Kidney Transplant

At Apollo Dialysis, we provide quality of life to patients suffering from end-stage kidney disease through kidney transplantation. On average, Apollo hospital conducts 15-20 transplants in a month. The kidney transplant is a surgical procedure in which a patient whose kidneys have failed receives one or two kidneys from a live or deceased donor. Patients with end-stage renal disease (ESRD) or end-stage kidney disease (ESKD) are usually suitable candidates for dialysis, and ultimately a transplant. Patients must be healthy enough to undergo major surgery and should be willing to maintain a strict medication plan for the rest of their life.

Since the human body can function with one healthy kidney, a family member whose blood and tissues match the patient may donate one kidney to the patient. In other cases, cadaver donors or deceased donors’ kidneys are used in transplants, if either they or their family members chose to donate the organs. In this case, the body is more likely to reject the kidney.

During the evaluation process, the doctor conducts blood tests to determine if your blood type matches your donor’s. Another test is to match the human leukocyte antigen (HLA), which is an antigen group on the surface of the white blood cells in control of the immune response of the body. If the patient’s HLA type matches the donor’s, the body is more likely to accept the kidney. Once a donor is identified, another test determines whether or not the patient’s antibodies will attack the donated organ, and is done by mixing a small amount of the patient and the donor’s blood. In order for a transplant to proceed successfully, the antibody reaction should show a ‘negative crossmatch’.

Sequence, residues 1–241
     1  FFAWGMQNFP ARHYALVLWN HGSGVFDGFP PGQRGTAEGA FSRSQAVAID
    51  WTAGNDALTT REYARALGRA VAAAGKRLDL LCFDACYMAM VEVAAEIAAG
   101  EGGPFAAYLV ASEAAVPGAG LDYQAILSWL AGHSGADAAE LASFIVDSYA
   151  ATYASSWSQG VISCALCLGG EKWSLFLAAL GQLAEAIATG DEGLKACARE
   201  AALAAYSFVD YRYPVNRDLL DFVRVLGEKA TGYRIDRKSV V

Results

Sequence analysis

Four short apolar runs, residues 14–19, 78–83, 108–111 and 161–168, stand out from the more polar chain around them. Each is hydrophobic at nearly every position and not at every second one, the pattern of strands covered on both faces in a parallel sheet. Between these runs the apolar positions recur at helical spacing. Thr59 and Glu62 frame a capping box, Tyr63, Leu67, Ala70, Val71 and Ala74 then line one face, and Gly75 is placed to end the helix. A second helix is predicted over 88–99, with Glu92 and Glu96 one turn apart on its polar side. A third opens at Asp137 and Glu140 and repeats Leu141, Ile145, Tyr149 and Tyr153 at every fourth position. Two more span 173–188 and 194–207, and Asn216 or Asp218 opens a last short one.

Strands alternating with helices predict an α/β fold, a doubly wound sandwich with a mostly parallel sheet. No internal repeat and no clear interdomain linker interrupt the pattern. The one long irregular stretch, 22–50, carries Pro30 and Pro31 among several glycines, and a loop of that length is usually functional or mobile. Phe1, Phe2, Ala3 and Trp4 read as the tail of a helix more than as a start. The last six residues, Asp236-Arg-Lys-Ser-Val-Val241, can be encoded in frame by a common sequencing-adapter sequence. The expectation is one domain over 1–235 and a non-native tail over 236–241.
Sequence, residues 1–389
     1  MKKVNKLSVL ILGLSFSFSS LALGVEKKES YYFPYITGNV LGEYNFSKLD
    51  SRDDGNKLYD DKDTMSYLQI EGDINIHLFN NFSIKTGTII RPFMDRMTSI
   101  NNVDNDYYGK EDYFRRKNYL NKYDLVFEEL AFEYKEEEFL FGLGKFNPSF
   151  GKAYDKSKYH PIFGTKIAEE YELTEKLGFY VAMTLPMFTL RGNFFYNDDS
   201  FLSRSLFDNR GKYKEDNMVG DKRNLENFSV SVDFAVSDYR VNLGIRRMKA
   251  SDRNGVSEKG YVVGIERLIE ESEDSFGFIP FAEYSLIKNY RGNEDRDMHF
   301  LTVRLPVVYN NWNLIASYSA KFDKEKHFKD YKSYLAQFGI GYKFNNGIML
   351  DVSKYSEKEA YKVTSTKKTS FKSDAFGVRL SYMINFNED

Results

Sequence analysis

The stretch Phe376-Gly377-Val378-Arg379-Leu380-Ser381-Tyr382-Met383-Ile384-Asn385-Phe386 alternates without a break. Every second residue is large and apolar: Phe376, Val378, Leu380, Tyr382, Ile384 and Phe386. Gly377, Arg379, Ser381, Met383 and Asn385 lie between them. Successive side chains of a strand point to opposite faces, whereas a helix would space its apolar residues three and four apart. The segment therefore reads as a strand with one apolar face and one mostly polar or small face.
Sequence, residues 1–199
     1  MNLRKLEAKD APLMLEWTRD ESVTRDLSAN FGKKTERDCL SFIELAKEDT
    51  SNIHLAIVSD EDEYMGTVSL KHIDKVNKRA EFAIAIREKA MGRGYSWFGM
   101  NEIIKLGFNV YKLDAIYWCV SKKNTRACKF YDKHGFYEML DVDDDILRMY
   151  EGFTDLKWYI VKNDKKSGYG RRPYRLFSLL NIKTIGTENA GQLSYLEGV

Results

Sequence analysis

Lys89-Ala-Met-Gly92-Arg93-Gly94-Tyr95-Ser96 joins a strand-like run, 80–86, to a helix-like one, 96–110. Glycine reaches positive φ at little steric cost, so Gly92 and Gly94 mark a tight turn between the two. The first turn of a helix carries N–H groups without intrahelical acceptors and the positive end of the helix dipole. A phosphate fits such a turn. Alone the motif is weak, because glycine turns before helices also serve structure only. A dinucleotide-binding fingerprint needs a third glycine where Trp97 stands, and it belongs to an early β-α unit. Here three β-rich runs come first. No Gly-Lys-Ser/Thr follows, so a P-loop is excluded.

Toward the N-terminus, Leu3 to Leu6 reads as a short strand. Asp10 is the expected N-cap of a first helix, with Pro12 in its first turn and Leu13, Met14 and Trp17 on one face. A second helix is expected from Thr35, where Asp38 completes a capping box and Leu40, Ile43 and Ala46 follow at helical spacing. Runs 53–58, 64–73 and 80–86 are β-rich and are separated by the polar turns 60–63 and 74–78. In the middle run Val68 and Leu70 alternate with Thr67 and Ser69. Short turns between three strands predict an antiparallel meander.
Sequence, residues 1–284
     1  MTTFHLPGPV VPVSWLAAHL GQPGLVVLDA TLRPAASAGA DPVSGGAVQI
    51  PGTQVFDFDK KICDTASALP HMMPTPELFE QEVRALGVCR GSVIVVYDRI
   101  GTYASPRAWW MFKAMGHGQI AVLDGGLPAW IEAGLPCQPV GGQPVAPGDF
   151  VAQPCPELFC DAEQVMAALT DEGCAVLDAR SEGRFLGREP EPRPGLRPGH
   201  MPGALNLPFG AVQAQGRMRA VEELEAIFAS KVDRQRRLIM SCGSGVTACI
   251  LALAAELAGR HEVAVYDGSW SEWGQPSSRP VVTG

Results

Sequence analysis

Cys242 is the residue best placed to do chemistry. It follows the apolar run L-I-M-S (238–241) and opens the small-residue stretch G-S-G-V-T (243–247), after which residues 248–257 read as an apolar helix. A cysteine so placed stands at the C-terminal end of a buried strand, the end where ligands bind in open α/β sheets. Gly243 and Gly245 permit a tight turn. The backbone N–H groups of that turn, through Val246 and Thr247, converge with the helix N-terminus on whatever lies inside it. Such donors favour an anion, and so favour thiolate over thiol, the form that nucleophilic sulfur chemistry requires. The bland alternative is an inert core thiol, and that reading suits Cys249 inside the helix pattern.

The procedure is conducted under general anaesthesia, which is administered intravenously. The doctor will make an abdominal incision and insert a donor’s kidney, after which the arteries and veins from the kidney are connected to the patient’s arteries and veins. This enables blood to flow through the new kidney. The ureter of the kidney is attached to the patient’s bladder so the patient can urinate normally. Unless the original kidneys are causing blood pressure issues or infections, they are left inside the body.

Potential risks include leakage or blockage of the ureter, rejection of the donated kidney, failure of donated kidney, and in rare cases, strokes or heart attacks. Immunosuppressant drugs which are a must after the surgery can also cause side effects like bone thinning, high risks of skin cancers and non-Hodgkin’s lymphoma. These should be discussed with the doctor in detail.